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The 2015 Business Analytics and Big Data Forum drew nearly 300 attendees, including industry leaders.
The 2015 Business Analytics and Big Data Forum drew nearly 300 attendees, including industry leaders.
The forum’s keynote address was delivered by Thomas H. Davenport, a professor at Babson College who is co-founder of the International Institute for Analytics.
The forum’s keynote address was delivered by Thomas H. Davenport, a professor at Babson College who is co-founder of the International Institute for Analytics.
Adithya Pattabhiramaiah, an assistant professor of marketing at Scheller College, presents during a forum session.
Adithya Pattabhiramaiah, an assistant professor of marketing at Scheller College, presents during a forum session.

Scheller College’s Business Analytics Center Holds 2015 Business Analytics and Big Data Forum

Nearly 300 industry leaders and analytics experts converged at Georgia Tech Scheller College of Business on March 20 for the 2015 Business Analytics and Big Data Forum.

The forum was the inaugural event of Scheller College’s Business Analytics Center (BAC), established in fall 2014.

“The BAC serves as a platform for business analytics efforts, bringing together organizations, analytics thought leaders, talented students, and a world-class interdisciplinary faculty at Georgia Tech to educate and exchange best practices for applying analytics to solve business problems,” according to Senior Associate Dean Sri Narasimhan, co-director of the BAC and co-chair of the forum.

The forum’s keynote address was delivered by Thomas H. Davenport, a professor at Babson College who is co-founder of the International Institute for Analytics, a fellow of the Massachusetts Institute of Technology’s Center for Digital Business, a senior advisor to Deloitte Analytics, and author of Big Data at Work.

During his presentation, Davenport explained that the business world is now in the era of “Analytics 3.0,” in which analytics are integral to every aspect of a company, from decision support to product development. “Analytics are everybody’s job,” he said.

He stressed that companies need a big data champion (a chief analytics officer) and a range of analytics-related professionals – not just data scientists, but also product developers, “light quants,” and analytics translators.

Strong communication skills are essential to the strategic use of vast amounts of data for making better business decisions, he added. “If you can’t translate it, if you can’t tell a good story with data, you aren’t going to be able to influence an organization,” Davenport said.

Successful analytics professionals need to be “able to communicate with both silicon- and carbon-based life forms equally well,” he joked.

Following Davenport’s keynote, forum attendees divided into sessions on:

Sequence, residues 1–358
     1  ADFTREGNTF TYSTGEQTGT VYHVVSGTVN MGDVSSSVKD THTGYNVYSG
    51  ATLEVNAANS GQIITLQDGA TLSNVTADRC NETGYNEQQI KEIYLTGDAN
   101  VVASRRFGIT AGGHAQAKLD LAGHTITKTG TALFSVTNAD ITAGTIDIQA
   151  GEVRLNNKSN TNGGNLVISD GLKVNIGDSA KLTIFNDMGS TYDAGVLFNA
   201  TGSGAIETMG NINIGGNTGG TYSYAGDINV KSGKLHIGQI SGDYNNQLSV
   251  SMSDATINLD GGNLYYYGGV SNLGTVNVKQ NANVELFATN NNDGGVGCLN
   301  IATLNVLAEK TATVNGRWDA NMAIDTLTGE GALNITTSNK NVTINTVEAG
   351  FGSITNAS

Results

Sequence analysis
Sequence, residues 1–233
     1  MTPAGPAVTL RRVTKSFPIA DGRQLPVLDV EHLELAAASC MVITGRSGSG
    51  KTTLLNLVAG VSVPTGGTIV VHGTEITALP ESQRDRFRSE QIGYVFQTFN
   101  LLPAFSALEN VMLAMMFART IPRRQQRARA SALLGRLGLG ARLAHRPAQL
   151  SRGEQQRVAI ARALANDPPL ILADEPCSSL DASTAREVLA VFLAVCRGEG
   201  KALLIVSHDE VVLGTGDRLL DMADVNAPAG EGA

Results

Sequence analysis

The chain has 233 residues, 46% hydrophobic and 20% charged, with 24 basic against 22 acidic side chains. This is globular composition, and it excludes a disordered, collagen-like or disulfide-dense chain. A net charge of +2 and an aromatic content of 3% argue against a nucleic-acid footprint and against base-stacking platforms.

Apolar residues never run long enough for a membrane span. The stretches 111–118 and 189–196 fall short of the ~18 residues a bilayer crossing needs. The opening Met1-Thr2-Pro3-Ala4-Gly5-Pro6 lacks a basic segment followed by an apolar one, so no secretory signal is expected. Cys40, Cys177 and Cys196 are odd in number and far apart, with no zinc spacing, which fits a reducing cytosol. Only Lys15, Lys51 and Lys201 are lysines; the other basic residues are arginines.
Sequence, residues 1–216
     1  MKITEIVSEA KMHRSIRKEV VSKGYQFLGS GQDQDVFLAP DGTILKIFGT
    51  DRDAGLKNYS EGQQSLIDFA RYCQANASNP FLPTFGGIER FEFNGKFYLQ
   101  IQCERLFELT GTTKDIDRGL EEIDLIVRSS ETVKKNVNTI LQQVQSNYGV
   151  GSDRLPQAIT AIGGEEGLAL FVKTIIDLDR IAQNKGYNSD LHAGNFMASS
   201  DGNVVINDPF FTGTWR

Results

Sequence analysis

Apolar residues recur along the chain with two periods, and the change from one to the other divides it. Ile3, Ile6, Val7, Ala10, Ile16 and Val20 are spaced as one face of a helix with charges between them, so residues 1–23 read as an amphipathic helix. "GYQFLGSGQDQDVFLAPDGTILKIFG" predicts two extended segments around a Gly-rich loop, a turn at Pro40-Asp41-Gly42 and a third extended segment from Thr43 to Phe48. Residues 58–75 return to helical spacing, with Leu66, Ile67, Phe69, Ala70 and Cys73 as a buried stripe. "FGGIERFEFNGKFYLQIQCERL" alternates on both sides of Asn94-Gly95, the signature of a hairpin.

• Pricing Analytics: Contemporary Challenges and Solutions
  • Sports Analytics
  • Privacy and Security Issues in Big Data
  • Visual Analytics
  • Social Media Analytics (two sessions)
  • Financial Analytics
  • Analytics in the Automotive Industry
  • Healthcare Analytics

Panelists represented companies and organizations including Acxiom, AIG Science, AT&T, AutoTrader.com, Black Book, Bloomberg LP, The Center for Global Enterprise, Cardlytics, Competitive Sports Analysis, Cox Automotive, Deloitte Digital, Equifax, Juice Analytics, Kabbage, Moxie, Reed Elsevier Group, SunTrust Banks, and the U.S. Securities and Exchange.

Georgia Tech Executive Vice President of Research Stephen Cross and Scheller College Dean Maryam Alavi both spoke about the growing importance of analytics to the Institute.

Many Georgia Tech students participating in the forum, serving as volunteers, networking with executives, and participating in the poster competition.

Georgia Tech alumus Carlos Solano (BS CS 2010, MBA 2014), who works as a business analytics director for a global corporation, said, “The forum brought people with different business backgrounds and industries together. Hearing how some of the speakers are addressing challenges in the data journey and learning where the analytics industry is headed was of tremendous value. Sharing my own views and ideas and getting feedback from peers has opened up new opportunities that I had not considered before. As a Georgia Tech double grad, it is great to see that the Institute is once again a leader and visionary in a new and evolving industry – big data and business analytics.”

Each of the forum’s sponsoring companies – AT&T, Coca-Cola, Deloitte, Equifax, and North Highland – sent a large contingent of employees to the event. These companies also comprise the Business Analytics Center’s Executive Council.

“We work with our Executive Council partners to identify research projects in business analytics, and could potentially even co-author white papers on business analytics topics of mutual interest,” Narasimhan said.

In addition to co-directors Narasimham and IT Management Associate Professor Jeffrey Hu, Scheller College’s Business Analytics Center includes involvement from 23 faculty members in various areas at Georgia Tech.

Ranked 6th in the nation for Quantitative Analysis by U.S. News & World Report, Scheller College offers an interdisciplinary one-year Master of Science in Analytics (in conjunction with the College of Computing’s School of Computational Science and Engineering and the College of Engineering’s Stewart School of Industrial and Systems Engineering). Scheller College also offers an MBA concentration and undergraduate certificate in Business Analytics.

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Susan Ambrosetti
Director of Marketing & Communications